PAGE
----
George Finey

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George Edmond Finey (16 March 1895 – 8 June 1987) was an Australian black-and-white artist born in Parnell, New Zealand, noted for his unconventional appearance and left-wing politics.

While working as an apprentice lithographer at the New Zealand Herald, he was studying part-time at the Elam School of Art, sharing a studio with Unk White.[1]

He served with the New Zealand Army New Zealand Expeditionary Force as an under-age private in France before being appointed as an official War Artist during World War I. After the war, he studied at the Regent Street Polytechnic School of Art in London and arrived in Sydney in 1919. In 1921 he was appointed by Alex Sass as a staff artist with Smith's Weekly.[2]

Although he started with humorous sketches, it was for his caricatures that he became famous, initiating in Smith's Weekly a "Man of he Week". The first subject was Archbishop Mannix.[1] He was sacked by Smith's Weekly after a legal tussle over ownership of works he had produced for the paper.

He worked for the Labor Daily for three months before being dropped for his antagonism towards Jack Lang, then with Truth for a few years.[1] He also worked for the Daily Telegraph, which he left in 1945 after Will Mahony had refused to draw an anti-Labor cartoon, and the Militant Minority Movement paper The Red Leader.[3]

Finey also illustrated stories and articles appearing in the School Magazine published by the NSW Department of Education. The issues of June and August and Sept 1947 contain examples of his work.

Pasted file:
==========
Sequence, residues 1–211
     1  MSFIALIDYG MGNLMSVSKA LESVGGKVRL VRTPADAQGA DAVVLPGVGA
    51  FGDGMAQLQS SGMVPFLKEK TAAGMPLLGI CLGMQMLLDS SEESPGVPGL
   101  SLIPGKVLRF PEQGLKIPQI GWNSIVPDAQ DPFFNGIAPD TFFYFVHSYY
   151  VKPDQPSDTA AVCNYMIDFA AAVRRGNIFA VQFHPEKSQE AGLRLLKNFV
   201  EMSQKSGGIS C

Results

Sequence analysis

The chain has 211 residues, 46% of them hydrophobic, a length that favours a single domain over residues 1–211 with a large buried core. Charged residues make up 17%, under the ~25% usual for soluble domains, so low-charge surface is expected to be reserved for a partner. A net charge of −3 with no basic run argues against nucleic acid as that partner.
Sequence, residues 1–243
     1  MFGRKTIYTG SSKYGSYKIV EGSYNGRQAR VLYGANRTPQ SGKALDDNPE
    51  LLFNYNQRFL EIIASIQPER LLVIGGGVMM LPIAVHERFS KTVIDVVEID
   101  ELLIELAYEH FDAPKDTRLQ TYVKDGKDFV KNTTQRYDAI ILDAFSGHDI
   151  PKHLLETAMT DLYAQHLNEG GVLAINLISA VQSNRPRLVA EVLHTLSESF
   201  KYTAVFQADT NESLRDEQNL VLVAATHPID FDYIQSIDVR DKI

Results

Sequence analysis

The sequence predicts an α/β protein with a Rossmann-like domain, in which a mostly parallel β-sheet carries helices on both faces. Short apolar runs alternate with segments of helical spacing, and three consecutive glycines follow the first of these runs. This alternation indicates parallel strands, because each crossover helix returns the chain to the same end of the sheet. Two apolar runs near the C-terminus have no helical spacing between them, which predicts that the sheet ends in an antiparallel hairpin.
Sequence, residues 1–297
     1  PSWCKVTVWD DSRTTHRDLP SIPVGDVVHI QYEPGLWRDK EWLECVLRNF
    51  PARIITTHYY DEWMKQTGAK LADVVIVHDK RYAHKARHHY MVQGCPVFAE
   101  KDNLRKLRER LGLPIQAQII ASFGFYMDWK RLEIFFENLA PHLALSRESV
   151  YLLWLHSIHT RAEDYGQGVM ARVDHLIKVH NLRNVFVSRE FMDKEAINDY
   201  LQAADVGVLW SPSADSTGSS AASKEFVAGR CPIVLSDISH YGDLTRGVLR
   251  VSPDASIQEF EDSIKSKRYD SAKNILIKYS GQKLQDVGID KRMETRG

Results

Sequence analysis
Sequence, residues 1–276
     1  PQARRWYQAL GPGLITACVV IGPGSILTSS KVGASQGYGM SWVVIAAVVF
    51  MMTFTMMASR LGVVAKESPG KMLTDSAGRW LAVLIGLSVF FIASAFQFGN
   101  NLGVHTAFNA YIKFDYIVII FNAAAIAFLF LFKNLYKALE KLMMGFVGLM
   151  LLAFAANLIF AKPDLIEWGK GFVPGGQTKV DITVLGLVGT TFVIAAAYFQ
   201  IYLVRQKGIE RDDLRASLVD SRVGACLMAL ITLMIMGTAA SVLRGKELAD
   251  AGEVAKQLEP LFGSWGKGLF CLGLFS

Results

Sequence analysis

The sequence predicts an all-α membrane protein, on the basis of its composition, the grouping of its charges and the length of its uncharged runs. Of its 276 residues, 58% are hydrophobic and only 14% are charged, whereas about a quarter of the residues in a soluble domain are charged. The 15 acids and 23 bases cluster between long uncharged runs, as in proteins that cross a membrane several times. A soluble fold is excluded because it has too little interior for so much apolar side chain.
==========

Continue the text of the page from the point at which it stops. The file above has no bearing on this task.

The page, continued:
He then turned to painting in an expressionistic style; possibly the first Australian painter to experiment with collage.

"Money for paints is scarce if you are living on the pension, and Finey creates constantly out of waste, scrap and natural materials. He has made a whole series out of rolled-up, varnished newspapers, and he is adding to his History of Music with portraits of composers done in plastic foam, etched out with fine sandpaper. He uses rags, twine, shells, clay and stumps taken from the bush..."[4]

In 1978 he had a retrospective exhibition at the Sydney Opera House.[5]

He was considered by Stan Cross to be the greatest of Australia's newspaper artists.[5] George Blaikie remembers him as an unkempt long-haired sandal-wearing bohemian, fearlessly honest in his work, and generous to a fault.[6]

He was an acknowledged influence on the work of Noel Counihan,[2]

He was one of the 25 foundation members of the Black and White Artists' Society (later Club).[5] and was prominent in its activities until shortly before he died.[1]

Awards[edit]

  • Bathurst Prize for watercolour 1959

References[edit]

  1. ^ a b c d http://www.daao.org.au/main/read/2522
  2. ^ a b Lindesay, Vane The Inked-In Image Heinemann, Melbourne 1970 ISBN 0-09-135460-9
  3. ^ http://www.austlit.edu.au/run?ex=ShowAgent&agentId=A-2e
  4. ^ "Last of the Great Bohemians" by Margaret Jones. Sydney Morning Herald, Weekend Magazine, Saturday June 13, 1970.
  5. ^ a b c http://www.cartoonists.org.au/?page=214
  6. ^ Blaikie, George Remember Smith's Weekly Angus & Robertson, London 1967
  • Art in Australia issue June 1924
  • Art in Australia issue June 1931